They were sitting in the middle of the physics common room with its mismatching furniture: red carpet, pale orange curtains, walls of magnolia and wood panelling, various muddy coloured chairs from the seventies, and some dodgy art on the walls ranging from an impressionist print through to something by someone in the department.
The guy was from somewhere up north and worked on inertial confinement fusion and the artist woman had just stepped through the sliding aluminium patio doors from the roof top. It was a day or two after the August riots - cloudy, cool and blustery, threatening rain and she had been the only one out there, except for the little astrophysicist who went out for a smoke.
After collecting tea at the hatch from the jovial serving lady, they had settled around a low table. Sounded like the guy had thought about becoming a writer and was still thinking about it. He said he’d been bad at maths, though had become a theoretical physicist which surprised his maths teachers, particularly the string theory work. But, maths at school isn’t maths he said. Still it’s funny how things turn out.
They talked about H P Lovecraft, Martin Amis, Roald Dahl....good short story writers and she offered Capote. The northerner said a twist in the tale is always good.
The physicist said he was working on modelling what was going on in the thumb nail sized deuterium tritium target when it got blasted with laser beams to bring about a fusion ‘burn’ reaction. Piles of physicists before had done this, but for some reason never got round to including the strong (nuclear) force. When she raised her eyebrows disbelievingly, he looked up, ‘there is inertia in physics’ he shrugged. Anyway, this is what he was doing, though he was getting sick and tired of the computer coding.
He started drawing out his designs for a cloud chamber. This was his relief from the fusion calculations – to build something that reveals the tracks of the ionising particles that are everywhere around us – mostly from the heavens, though he might introduce a radioactive source borrowed from a smoke detector to liven things up. Their curved backs arched over the scribbles and for a while they talked about design in some detail. She said it might be cool to amplify the beautiful particle tracks by projecting them up on the side of the building for the passersby and the roaring traffic of South Kensington.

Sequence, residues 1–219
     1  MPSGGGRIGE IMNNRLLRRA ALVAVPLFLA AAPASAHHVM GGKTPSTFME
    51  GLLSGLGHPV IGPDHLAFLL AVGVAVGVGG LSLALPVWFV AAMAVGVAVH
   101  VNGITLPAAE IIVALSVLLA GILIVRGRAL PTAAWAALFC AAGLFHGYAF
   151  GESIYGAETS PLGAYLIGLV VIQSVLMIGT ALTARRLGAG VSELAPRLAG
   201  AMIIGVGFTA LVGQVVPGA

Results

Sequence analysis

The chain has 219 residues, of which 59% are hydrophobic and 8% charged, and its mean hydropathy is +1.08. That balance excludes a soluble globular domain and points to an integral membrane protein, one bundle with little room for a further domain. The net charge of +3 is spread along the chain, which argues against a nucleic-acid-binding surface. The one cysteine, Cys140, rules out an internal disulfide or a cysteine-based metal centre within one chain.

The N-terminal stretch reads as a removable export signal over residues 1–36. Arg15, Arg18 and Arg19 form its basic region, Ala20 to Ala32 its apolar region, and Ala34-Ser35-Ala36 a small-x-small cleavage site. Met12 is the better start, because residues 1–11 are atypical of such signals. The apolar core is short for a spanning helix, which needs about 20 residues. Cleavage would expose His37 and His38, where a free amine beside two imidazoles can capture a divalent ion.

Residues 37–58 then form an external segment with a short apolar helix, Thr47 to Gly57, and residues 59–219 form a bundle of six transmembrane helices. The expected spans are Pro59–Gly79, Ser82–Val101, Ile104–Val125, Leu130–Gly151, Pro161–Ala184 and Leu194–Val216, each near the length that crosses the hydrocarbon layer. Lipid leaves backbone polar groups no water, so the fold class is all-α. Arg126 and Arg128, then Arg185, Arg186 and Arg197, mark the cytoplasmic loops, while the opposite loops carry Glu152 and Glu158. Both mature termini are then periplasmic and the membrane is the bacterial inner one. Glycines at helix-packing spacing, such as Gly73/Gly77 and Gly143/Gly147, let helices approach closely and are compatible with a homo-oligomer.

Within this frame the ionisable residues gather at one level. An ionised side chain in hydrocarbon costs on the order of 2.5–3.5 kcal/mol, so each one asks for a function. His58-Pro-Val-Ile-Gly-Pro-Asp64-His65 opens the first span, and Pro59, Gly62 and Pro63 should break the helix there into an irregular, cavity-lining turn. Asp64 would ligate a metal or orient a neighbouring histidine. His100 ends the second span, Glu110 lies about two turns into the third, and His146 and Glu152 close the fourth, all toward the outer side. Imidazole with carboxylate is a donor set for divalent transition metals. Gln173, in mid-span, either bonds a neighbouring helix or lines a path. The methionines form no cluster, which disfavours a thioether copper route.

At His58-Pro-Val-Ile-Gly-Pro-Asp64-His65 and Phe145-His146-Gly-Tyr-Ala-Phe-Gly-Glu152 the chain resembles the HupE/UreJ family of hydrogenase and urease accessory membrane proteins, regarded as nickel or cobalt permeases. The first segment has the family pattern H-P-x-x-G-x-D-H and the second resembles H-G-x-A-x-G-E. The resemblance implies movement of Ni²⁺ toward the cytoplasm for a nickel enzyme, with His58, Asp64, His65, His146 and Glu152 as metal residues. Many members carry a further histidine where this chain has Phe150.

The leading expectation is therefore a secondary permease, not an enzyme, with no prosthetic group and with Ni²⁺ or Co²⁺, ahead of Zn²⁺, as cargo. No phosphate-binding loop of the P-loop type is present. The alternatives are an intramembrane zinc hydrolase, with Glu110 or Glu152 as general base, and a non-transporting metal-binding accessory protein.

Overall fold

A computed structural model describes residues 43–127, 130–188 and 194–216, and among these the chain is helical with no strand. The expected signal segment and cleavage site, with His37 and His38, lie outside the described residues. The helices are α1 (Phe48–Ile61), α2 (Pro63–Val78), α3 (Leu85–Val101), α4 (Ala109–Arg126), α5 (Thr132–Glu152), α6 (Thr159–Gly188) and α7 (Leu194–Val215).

For a moment her mind wandered and she asked herself if the particles were really making tracks. With the little drops of condensation, humans just thought of them like that. She wondered what the particles were really doing. Still they are beautiful and as the scientist said, strong magnetic fields will make them curve one way or the other according to charge.
They went back to talking about nuclear fusion. It’s better to take energy directly from the sun the physicist said, much better than recreating fusion on earth and handing out these sophisticated technologies that release the full force of nature around the world.
The physicist said he was going north later in the summer to give a talk and he described experiments that would reveal the electrical intensity of nature to people. The first thought experiment carefully interleaved the pages of two telephone directories. It would take a crazy two ton force to separate them. He said it was electromagnetism.
In a lull, she referred back to some previous conversation they’d had: something he’d said about seeing things in different ways. He kind of anticipated what she was saying and said there are quantitative and qualitative ways of looking at things. There was recognition in her face.
They wondered about people who couldn’t figure things out quantitatively......she said a scientist friend had berated her, saying it’s no good trying to explain what string theory is, it’s not even useful to explain the path of a falling stone, best to get people calculating how long they spend travelling, cooking or sleeping each year.....get them to see how numbers can overlay and reveal things about life. They both thought there was a lesson for the politicians.
Sounded like the physicist had a load of theologian friends from college who thought he was just fiddling around with his physics, keeping busy. When they knew the truth and had a direct line to the mind of God.
People came and went and they must have talked for over an hour.
Eventually they gathered up their pens and notebooks and chucked the plastic cups in the bin. They walked out through the hallway and stopped out in the stairwell. She held on to her glasses and they both held on to and leaned over the wooden railing to peer up and down the vertiginous drop marvelling about the space and height. He wanted a Foucault pendulum and she thought it would be interesting to have strings that people could pluck running from top to bottom, anything that would make them stop and take in the space - the whole cavity as a musical instrument. All those patterns, all those simple harmonic oscillators she said. And he laughed and said they are everywhere in physics and solvable. She took her hand away from the banister and went up the stairs, he carried on down and she continued to say something to him.
Arthur Turrell is working on his PhD, theoretically modelling the burn in an inertial confinement fusion reaction. He is also a scientific journalist with a passion for outreach and science communication. He plays tennis badly, but enthusiastically and reviews popular science books for correctness before printing. He enjoys reading and hopes to do a degree in literature one day.